Estimating residual stromal thickness before and after laser in situ keratomileusis

Gerald Flanagan, Perry S. Binder

Research output: Contribution to journalArticlepeer-review

35 Scopus citations


Purpose: To determine the factor(s) that influences measurement of residual stromal thickness (RST) after laser in situ keratomileusis (LASIK) surgery. Setting: Clinical office-based excimer laser refractive surgery center. Methods: In this retrospective comparative interventional case study of 6235 eyes, ultrasonic corneal pachymetry was performed immediately before and after flap creation and immediately after laser ablation in the primary procedure and after 647 enhancements. Differences in the methods for calculating RST were compared statistically. Results: Using the RST measured at enhancement as the actual RST, measurements of RST immediately after laser ablation underestimated residual thickness due to laser-induced stromal dehydration and microkeratome effects (P<.001). Estimates of RST using a "standard" or estimated flap thickness were less accurate predictors of residual thickness (P<.001) than use of the theoretical laser resection with a measured flap thickness (RST-4) (P = .78) or a modified flap thickness subtracted from the postoperative corneal thickness (RST-8) (P = .98), which provided the best RST estimates. Conclusions: Before LASIK, the best means of estimating RST is to subtract the theoretical laser resection obtained from the laser computer and the expected flap thickness normally obtained with a given microkeratome system from the preoperative central corneal thickness. After LASIK, the most accurate means of calculating RST is to subtract the original flap thickness from the postoperative central corneal thickness.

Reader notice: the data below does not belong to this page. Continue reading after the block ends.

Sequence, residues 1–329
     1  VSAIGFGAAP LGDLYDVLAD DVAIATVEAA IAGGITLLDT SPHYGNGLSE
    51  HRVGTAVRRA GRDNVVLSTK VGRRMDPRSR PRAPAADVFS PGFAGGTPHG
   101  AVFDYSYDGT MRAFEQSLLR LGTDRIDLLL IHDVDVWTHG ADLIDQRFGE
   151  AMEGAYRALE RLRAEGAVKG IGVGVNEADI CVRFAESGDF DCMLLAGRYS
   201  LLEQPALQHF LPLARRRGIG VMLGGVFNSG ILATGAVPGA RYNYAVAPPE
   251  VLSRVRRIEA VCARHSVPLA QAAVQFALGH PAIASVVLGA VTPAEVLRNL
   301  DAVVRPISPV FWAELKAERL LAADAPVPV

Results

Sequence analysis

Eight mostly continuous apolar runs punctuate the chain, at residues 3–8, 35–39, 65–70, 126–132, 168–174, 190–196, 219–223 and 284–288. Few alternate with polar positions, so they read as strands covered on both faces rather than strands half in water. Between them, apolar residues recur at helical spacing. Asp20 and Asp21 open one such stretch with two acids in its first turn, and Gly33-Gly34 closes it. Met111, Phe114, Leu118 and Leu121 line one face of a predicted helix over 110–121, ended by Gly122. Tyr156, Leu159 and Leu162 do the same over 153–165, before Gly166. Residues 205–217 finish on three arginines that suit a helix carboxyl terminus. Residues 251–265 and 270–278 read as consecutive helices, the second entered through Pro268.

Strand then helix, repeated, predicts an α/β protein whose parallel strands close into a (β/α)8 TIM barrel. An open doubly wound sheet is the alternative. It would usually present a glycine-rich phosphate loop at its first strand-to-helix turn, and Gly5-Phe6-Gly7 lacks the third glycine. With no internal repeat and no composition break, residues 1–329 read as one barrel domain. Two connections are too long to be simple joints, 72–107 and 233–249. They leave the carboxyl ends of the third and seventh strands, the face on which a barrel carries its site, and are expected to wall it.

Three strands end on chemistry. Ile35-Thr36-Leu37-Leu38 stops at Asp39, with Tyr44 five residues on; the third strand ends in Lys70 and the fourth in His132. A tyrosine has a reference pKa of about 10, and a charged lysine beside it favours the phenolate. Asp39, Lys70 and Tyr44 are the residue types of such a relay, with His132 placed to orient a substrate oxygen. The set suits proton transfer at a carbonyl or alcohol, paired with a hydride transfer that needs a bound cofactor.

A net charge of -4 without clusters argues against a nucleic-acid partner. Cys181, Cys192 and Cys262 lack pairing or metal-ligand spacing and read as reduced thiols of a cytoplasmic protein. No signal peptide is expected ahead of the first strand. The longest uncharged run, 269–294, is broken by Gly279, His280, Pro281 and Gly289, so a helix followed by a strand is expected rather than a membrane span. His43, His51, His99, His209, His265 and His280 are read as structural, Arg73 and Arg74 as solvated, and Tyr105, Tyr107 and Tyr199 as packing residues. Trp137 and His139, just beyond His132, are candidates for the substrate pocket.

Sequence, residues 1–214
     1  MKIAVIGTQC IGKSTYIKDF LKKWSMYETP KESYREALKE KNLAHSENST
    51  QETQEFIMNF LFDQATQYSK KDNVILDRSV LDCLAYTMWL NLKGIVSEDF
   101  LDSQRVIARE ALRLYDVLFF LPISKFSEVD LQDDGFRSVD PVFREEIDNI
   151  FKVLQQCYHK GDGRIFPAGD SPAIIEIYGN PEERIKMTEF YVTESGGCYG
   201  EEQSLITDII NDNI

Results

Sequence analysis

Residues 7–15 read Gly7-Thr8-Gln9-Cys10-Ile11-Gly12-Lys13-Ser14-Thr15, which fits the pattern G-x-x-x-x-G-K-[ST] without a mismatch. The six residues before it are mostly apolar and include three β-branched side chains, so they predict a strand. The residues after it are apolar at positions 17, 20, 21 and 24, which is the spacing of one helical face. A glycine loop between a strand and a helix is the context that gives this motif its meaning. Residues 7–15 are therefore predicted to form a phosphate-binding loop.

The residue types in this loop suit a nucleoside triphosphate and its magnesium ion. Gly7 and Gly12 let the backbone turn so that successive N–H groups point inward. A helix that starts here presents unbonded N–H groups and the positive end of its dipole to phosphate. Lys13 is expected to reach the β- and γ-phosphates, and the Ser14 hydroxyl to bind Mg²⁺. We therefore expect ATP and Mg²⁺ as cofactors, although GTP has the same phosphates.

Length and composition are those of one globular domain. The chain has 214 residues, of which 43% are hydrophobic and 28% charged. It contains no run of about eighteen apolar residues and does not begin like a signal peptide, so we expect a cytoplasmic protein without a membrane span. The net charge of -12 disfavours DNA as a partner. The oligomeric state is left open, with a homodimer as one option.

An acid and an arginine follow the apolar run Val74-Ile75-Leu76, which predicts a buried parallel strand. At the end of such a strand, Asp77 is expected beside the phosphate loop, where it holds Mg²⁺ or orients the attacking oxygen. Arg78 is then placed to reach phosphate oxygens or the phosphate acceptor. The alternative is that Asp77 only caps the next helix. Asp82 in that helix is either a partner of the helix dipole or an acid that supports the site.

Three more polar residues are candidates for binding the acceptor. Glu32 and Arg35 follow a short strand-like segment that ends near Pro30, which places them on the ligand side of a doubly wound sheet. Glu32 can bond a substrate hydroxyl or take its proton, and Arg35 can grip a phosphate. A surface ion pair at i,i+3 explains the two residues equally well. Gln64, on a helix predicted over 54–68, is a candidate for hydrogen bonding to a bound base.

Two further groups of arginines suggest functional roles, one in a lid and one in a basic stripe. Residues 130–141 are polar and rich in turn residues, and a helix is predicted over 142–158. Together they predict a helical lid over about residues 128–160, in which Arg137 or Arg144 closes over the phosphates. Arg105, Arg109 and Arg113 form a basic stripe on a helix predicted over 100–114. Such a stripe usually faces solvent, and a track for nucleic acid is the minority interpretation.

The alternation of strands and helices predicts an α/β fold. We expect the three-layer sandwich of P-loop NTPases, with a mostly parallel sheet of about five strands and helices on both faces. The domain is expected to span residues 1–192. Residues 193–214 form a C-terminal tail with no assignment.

Original languageEnglish (US)
Pages (from-to)1674-1683
Number of pages10
JournalJournal of cataract and refractive surgery
Issue number9
StatePublished - Sep 1 2003
Externally publishedYes

ASJC Scopus subject areas

  • Surgery
  • Ophthalmology
  • Sensory Systems


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